If you have decided not to overseed your warm season lawn with a cool season variety for the winter, then you should expect your lawn to become brown and dormant once the temperatures drop close to freezing. Even though lawn care will not be as extensive as it is during the spring and summer, there are some things you should do and some things you shouldn’t do while your lawn is in a dormant state. Here are six mistakes you might be making as you prepare your lawn for winter:
You are performing stressful maintenance tasks too late in the season. Aeration, dethatching, and fertilizing are all important aspects of lawn care, but they have to be performed on an actively growing lawn that can handle the stress and repair any damage done. Do not complete any of these tasks when there are less than four weeks in the growing season. You should also not be applying any fertilizers that have high amounts of quick-release nitrogen. The most important element your lawn needs right now is potassium, which will increase its cold tolerance. Apply the fertilizer lightly, according to soil test recommendations.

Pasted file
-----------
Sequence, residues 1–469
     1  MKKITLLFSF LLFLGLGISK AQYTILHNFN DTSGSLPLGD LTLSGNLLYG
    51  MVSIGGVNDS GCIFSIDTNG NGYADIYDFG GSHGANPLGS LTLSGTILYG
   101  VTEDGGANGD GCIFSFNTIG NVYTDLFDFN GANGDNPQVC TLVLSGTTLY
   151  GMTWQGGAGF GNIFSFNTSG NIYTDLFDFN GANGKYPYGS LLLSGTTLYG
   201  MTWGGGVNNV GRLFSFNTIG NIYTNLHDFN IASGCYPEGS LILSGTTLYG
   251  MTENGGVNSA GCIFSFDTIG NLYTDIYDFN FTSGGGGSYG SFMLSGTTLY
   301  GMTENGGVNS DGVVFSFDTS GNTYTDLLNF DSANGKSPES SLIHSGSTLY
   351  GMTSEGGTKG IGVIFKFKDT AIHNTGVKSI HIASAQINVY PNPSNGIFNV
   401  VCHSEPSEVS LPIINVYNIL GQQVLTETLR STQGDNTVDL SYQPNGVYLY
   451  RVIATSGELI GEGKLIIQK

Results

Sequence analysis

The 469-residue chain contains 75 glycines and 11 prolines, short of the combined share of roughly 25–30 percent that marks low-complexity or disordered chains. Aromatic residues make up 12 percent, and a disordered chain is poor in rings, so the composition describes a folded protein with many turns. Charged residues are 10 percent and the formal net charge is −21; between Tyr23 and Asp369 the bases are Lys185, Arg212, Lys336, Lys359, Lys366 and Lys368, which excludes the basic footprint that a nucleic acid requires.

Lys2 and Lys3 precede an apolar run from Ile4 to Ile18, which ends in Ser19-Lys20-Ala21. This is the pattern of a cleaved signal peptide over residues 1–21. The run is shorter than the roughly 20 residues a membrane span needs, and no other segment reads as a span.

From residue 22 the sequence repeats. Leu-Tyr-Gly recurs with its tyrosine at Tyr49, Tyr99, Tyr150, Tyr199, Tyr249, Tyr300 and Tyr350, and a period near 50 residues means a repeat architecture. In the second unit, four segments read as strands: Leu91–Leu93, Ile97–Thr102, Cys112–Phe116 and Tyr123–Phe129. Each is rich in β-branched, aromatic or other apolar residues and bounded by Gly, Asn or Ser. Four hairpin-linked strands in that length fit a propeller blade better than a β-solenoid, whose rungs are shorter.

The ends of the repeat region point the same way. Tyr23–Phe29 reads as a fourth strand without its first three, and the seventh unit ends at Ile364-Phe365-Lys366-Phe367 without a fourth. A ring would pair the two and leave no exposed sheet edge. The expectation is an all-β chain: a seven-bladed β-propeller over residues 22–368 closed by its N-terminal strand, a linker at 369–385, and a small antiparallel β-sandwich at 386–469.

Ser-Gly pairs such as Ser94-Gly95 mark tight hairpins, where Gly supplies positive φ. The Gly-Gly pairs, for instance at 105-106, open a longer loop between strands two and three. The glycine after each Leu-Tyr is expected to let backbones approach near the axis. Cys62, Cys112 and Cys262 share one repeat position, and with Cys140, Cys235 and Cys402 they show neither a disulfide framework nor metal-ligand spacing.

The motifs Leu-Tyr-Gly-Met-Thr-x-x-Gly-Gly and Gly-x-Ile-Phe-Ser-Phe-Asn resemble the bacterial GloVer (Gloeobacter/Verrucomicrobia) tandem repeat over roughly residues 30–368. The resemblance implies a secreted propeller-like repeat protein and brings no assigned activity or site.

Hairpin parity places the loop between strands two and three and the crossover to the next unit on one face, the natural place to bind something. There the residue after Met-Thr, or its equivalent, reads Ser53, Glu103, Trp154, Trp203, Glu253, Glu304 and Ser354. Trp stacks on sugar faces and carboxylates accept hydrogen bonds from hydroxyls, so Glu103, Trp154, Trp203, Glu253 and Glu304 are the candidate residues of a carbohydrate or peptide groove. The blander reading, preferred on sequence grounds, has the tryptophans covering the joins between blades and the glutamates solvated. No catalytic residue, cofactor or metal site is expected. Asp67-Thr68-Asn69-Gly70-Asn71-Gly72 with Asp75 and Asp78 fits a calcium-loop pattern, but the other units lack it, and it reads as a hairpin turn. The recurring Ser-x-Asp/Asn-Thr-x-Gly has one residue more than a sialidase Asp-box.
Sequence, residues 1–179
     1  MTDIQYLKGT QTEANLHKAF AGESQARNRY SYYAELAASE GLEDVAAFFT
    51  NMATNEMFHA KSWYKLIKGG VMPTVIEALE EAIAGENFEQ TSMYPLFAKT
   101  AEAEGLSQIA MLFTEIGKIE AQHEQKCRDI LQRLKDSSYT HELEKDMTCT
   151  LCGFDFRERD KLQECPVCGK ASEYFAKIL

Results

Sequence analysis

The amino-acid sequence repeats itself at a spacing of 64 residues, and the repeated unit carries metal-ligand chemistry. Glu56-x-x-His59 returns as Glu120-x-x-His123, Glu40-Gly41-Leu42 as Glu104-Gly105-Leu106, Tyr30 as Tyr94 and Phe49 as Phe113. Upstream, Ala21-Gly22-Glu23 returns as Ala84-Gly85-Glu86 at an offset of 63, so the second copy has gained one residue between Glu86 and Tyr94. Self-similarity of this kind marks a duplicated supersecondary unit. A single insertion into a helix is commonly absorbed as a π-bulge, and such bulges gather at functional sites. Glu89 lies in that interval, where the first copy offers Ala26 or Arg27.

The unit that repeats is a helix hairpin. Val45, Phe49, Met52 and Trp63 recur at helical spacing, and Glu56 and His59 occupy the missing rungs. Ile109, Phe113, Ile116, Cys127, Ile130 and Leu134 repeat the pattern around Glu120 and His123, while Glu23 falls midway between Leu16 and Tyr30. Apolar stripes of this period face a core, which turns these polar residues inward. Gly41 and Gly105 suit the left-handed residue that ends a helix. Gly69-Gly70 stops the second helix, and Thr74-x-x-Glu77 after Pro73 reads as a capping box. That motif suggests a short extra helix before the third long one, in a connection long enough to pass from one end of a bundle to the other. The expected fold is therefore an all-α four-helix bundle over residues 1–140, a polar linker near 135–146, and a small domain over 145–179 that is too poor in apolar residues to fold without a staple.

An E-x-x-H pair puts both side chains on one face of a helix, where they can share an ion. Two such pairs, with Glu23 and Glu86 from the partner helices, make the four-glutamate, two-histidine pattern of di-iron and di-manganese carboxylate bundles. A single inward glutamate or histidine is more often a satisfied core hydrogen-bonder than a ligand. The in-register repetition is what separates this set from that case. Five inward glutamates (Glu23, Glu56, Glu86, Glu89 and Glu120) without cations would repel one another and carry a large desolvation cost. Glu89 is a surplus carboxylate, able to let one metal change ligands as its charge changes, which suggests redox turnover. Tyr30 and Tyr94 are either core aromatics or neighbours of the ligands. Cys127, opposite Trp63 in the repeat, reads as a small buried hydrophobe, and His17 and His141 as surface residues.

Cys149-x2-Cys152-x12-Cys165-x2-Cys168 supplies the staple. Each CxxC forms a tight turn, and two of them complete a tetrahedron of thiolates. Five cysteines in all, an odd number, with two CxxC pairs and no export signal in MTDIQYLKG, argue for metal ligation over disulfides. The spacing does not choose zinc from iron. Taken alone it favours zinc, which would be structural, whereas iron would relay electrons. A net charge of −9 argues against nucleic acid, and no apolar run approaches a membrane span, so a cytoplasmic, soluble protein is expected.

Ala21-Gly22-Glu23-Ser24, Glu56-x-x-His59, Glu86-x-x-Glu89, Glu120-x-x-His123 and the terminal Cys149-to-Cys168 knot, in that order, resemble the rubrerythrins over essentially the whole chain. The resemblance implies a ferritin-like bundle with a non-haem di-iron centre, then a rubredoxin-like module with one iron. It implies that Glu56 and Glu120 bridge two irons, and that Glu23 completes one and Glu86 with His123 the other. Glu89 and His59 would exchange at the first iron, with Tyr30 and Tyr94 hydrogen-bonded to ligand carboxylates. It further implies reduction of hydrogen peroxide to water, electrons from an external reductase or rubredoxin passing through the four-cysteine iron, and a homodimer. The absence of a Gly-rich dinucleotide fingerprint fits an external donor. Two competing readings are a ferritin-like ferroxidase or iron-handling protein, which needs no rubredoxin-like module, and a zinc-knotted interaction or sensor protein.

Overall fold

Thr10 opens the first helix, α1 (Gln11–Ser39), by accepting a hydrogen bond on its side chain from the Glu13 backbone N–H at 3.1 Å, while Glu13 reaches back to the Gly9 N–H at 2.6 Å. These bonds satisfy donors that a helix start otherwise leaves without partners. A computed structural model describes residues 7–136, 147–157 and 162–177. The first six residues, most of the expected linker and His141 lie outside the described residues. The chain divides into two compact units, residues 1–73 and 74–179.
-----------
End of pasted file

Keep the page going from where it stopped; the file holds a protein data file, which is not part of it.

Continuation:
You are improperly mowing the lawn. As the rate of grass growth slows, you should be gradually decreasing the overall height of the lawn. Leaving it too long in the winter invites more moisture and potential disease to reside, but cutting it too short too quickly will stress and damage the lawn. Be sure never to remove more than 1/3 of the overall grass height.
You are not removing leaves, pinecones, and other litter. One of the best ways to weaken a lawn is to limit its ability to produce food, and not raking up autumn leaves does just that. If the grass can’t perform photosynthesis, it can’t store as much energy for when it needs it during the winter.
You are subjecting your lawn to the same amount of foot traffic. Even though you might really want to have an impromptu soccer game on your lawn like you did during the summer, late fall is not the time for it. Your grass is not growing as quickly, so it isn’t able to grow back as quickly when damage from foot traffic has occurred. Let your dormant lawn rest, and don’t walk across it unless absolutely necessary.
You aren’t watering your lawn. Even though watering your lawn won’t make it green during the winter, you still need to water it to keep the roots alive. Give the lawn a good, thorough irrigation right before it turns dormant, and continue to water it every four weeks, provided that it doesn’t snow or rain, until the grass turns green in the spring. Then increase your irrigation to its normal schedule.
You haven’t drained your sprinkler pipes. Most sprinkler pipes drain automatically. However, if they don’t, any water left can freeze and crack the pipes in the winter. Do yourself a favor and double check, just to be sure.
This article is courteous of Nature’s Finest Seed, a leading provider of quality grass seeds and planting guides. You can find more informative articles on planting, watering and caring tips for your lawn.